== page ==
My big girl starts school today as well. Teaching third grade in a dual language class in Far Rockaway Queens. I can't wait to get the report of that first day and I am sending so much love and support to her for a fine first day.

01 September 2008

Labor Day

And the livin' is easy.

It is hot today and our community pool is closed and the Y is cleaning their pool this weekend. SO, no swimming which would have been the natural activity today. Instead, we gardened in the morning. I planted a few hostas I bought at Farmers Market; Julia deadheaded cone flowers; and David mowed the lawns. I turned over some compost and was very happy to discover compost! The. 3-bin system that I inherited was just so slow and I wondered whether I'd ever make efficient compost, but I changed back to my favorite 2-bin system, and with the help of some neighborhood bunny poop, my bins are just chugging along. I turned over a bit today and found that at least half of one bin has rough compost. Good for fall planting and great for dressing beds.

Yesterday, we did two novel activities for our family.

We went to church in the morning. I have felt the need for some spiritual guidance for myself and for Julia for awhile. I thought about our options. As a lapsed Catholic, I had to think about the Church but couldn't bring myself to live with the conservatism of the Church today. If it was Vatican II's church, I could consider it. I love the rituals, I love saints, and the singing.

I thought about a Jewish congregation. I am pretty cofortable with Jewish beliefs and practices, especially in the liberal reformed movement. But David is not interested in getting involved in a synagog. Too many demands, too much guilt. I am not saying that the guilt would be imposed from without.

So, we've settled upon the First Unitarian Fellowship which is bigger than I really wanted but whose ministers and message is very comfortable for us. I will sign Julia up for some sunday school and I will take a newcomers' class in a few weeks. And we shall see.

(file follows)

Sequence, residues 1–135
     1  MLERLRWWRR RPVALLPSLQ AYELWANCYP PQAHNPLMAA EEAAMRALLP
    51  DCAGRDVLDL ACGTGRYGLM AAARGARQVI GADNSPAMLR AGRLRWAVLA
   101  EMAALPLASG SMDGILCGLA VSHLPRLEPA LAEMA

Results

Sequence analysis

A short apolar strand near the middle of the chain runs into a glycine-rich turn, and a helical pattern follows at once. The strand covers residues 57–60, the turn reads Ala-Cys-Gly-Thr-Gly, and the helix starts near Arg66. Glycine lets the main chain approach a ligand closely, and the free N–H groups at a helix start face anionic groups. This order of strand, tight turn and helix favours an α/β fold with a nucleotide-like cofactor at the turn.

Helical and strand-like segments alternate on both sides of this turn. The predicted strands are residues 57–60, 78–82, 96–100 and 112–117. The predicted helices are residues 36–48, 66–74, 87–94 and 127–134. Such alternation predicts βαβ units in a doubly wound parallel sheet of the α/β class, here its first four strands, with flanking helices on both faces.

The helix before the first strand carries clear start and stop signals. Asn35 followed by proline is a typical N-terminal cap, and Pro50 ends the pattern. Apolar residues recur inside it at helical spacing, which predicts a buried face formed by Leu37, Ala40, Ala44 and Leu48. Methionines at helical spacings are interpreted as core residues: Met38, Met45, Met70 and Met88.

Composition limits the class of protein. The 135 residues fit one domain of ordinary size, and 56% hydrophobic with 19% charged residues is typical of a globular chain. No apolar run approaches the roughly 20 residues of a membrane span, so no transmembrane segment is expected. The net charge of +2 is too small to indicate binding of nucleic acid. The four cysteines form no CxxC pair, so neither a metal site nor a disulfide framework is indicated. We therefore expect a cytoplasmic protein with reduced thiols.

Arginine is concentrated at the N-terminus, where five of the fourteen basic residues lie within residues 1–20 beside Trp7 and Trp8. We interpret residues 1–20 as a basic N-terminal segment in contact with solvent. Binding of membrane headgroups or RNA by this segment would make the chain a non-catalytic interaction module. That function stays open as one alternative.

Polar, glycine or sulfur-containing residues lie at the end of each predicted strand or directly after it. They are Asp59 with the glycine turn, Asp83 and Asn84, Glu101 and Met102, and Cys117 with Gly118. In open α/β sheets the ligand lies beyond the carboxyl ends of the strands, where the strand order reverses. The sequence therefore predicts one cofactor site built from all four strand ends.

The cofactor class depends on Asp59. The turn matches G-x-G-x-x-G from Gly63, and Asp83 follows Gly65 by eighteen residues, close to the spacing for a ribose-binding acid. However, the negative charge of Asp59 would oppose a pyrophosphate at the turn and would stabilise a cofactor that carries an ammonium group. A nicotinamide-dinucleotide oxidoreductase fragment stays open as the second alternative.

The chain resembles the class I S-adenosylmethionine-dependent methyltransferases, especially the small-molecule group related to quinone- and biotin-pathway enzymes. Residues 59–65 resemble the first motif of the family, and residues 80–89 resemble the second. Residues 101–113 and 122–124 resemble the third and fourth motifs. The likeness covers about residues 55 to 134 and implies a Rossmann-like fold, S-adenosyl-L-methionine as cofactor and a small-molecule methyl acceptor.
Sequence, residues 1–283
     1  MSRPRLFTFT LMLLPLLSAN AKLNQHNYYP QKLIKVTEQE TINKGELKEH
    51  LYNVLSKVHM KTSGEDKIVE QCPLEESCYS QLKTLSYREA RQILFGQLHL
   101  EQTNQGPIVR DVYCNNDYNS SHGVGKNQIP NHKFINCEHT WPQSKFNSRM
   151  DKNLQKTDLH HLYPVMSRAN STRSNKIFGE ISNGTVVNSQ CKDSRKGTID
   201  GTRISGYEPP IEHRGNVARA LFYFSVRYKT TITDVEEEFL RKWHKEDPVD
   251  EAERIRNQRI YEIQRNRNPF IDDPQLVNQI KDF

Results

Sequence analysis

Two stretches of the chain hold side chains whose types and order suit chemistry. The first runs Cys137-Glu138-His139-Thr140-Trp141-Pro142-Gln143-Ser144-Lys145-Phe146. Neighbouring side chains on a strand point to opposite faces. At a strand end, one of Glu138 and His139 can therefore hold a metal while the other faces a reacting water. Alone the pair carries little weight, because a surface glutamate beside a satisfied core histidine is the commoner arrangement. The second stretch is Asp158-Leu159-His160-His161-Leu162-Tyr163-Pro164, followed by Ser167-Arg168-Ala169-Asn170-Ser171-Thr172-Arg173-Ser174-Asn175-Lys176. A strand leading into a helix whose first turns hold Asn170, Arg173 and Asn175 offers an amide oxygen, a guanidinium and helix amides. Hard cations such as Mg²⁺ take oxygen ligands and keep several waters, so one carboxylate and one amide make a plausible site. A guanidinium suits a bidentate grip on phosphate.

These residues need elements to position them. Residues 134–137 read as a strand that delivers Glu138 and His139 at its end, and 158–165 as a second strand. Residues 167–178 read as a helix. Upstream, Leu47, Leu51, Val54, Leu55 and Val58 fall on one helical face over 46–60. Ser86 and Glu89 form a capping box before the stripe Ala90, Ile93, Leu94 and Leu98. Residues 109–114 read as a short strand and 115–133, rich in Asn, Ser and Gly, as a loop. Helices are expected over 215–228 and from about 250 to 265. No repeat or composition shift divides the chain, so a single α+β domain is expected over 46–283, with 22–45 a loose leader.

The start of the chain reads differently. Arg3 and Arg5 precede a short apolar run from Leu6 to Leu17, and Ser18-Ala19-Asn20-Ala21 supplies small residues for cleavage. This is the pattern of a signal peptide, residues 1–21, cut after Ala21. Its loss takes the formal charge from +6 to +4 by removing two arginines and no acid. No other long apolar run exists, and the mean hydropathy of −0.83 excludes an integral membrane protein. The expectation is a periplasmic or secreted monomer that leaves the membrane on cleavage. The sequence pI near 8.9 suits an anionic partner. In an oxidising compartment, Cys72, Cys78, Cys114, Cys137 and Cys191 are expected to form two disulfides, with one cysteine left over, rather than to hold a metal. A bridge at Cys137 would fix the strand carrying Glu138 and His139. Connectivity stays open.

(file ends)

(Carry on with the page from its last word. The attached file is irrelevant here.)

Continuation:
The afternoon was spent at a Ho-Chuck Pow-Wow. An interesting event. It reminded me of a Ukrainian picnic or the Bolivian Europenia. It was an event for those involved, for the family, and although we were allowed to watch, we were not included in what was going on. Still, I really enjoyed the drumming -- constant and loud -- the dancing -- soft shoes on dry dirt -- and the costumes -- each more elaborate than the next and made out of every conceivable fabric and decoration. Lots of feathers and flash. Julia enjoyed it too. When the drumming circle near our part of the bleachers was playing, she put her fingers in her ears. It was much to much for her, but her eyes didn't wander from the dancers in costumes. It would have been such a good time to get into her head and see it as she was and know what she was thinking.

It seems that after almost 2 weeks, the listening therapy CD for expression is kicking in. Juliaa's drawings are clearer, more distinct embellishment, more multiple images, AND more counting of what she has drawn. She is probably talking more as a result of the CD as well, but Julia talks so much to begin with that it is hard to measure. She is getting more of her prepositions in the right places. And she loves home -- when we first got back from vacation, she put her arms out and said, "I love this kitchen."

School tomorrow!